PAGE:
Students for Planned Parenthood promotes intersectionality through Healthcare Fair

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Public health senior Mireya Treviño, left, speaks to students outside due to an emergency alarm during the Healthcare Fair in the Texas Union on Monday, Sept. 30, 2019. Students for Planned Parenthood hosted the resource fair to educate students about physical and sexual health.

Photo Credit: Jack Myer | Daily Texan Staff

On-campus and Austin community health organizations gathered in the Shirley Bird Perry Ballroom in the Texas Union and threw the Healthcare Fair to promote inclusivity in health care Monday evening.

UT’s Students for Planned Parenthood hosted the Healthcare Fair. The organization operates out of the Planned Parenthood Action Fund to educate the community on sexual health, intersectionality and universal health care through a variety of petitions and events, said Mireya Trevino, president of Students for Planned Parenthood. 

Trevino said she wanted to make health care accessible to all people, especially underrepresented groups who feel as though their concerns are not taken as seriously.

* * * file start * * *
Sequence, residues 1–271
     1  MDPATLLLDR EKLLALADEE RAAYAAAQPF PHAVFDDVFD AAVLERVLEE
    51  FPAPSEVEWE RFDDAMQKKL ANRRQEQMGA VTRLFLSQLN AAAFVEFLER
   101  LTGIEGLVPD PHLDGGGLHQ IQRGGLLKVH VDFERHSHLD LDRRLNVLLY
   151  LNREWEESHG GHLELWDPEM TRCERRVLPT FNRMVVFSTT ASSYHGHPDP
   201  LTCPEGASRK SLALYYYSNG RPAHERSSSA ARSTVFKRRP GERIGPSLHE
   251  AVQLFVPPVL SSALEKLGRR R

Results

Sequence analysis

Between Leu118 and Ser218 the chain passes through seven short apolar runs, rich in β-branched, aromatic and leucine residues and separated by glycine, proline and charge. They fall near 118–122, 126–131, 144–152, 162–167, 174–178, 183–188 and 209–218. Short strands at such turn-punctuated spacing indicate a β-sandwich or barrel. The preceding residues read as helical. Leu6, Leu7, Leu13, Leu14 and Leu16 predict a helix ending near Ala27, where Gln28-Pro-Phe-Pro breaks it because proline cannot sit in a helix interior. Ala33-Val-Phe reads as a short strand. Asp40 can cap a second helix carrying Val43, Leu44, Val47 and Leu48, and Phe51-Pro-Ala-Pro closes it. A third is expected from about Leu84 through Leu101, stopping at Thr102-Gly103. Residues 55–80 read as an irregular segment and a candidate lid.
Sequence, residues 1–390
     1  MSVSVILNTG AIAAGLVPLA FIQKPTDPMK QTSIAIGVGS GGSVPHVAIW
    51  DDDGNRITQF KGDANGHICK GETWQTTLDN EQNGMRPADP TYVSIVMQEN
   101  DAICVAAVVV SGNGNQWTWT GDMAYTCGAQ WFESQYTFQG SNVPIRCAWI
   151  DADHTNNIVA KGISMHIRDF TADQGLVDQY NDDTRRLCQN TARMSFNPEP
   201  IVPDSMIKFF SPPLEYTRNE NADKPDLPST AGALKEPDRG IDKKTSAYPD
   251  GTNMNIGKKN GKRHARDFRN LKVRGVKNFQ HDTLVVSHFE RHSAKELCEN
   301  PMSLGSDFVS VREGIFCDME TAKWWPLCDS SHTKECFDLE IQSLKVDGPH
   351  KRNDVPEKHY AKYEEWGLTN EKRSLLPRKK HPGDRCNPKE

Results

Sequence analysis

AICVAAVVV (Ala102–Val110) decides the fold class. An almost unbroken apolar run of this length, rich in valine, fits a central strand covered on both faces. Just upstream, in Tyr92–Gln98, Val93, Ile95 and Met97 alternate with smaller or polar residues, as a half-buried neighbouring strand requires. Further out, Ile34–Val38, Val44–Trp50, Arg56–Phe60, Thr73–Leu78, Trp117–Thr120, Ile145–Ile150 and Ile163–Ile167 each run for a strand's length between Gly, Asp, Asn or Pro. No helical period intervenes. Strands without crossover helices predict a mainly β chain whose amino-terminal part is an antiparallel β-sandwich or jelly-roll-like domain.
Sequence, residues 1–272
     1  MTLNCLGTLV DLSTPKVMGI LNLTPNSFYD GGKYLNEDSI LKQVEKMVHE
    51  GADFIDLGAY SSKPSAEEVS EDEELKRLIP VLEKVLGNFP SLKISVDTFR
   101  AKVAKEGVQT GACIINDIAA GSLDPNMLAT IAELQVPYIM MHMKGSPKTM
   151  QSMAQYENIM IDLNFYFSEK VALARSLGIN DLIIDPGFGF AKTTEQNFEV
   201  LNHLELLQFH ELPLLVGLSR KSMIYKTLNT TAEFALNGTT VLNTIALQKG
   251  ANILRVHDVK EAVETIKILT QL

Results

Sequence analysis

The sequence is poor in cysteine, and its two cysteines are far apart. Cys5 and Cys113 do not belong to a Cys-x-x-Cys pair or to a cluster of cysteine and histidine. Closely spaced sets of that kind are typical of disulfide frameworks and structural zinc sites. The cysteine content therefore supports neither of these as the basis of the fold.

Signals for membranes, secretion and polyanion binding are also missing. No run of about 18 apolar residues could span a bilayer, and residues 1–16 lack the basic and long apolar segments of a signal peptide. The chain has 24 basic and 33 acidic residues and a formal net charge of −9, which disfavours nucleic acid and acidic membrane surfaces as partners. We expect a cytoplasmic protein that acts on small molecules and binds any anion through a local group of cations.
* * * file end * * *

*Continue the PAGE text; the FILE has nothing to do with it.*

“Health care can be scary, especially for folks who are minorities,” said public health Trevino. “There are definitely some perceived barriers.” 

Healthy Horns, Austin Public Health and the Gender and Sexuality Center tabled at the event, and the event advertised guest and student speakers, a live paint show and a drag show.

“We wanted to make (the event) fun and accessible,” Trevino said. “We figured discussing health care in a laidback setting would help folks connect.”

Rameen Razzaq, public health senior and Healthy Horns peer educator, said Healthy Horns participated in the event because it supports Students for Planned Parenthood for embracing inclusivity.

“One thing that Healthy Horns likes to do is to be inclusive of everyone, all gender identities (and) sexualties,” Razzaq said.

Shannon Doyle, vice president of Students for Planned Parenthood, said there are always various obstacles which restrict marginalized students from getting the health care they need.

“We all have various needs when it comes to health care, and just being generic about it is not reaching out to everyone,” said Doyle, a history and women’s & gender studies senior. “That’s why I think it’s interesting to have all of these community partners and student organizations who are specific to a group of people and their needs.”

Trevino said Texas has the highest rate of uninsured residents in the United States.

“If we prioritize those with the least amount of access, we can ensure that everyone has access to health care,” Trevino said.

History senior Allison Grove said she attended the event to get information on her health care options.

“I’m a student who doesn’t have health insurance, so I like to get an idea of the different services that are offered on and off campus,” Grove said.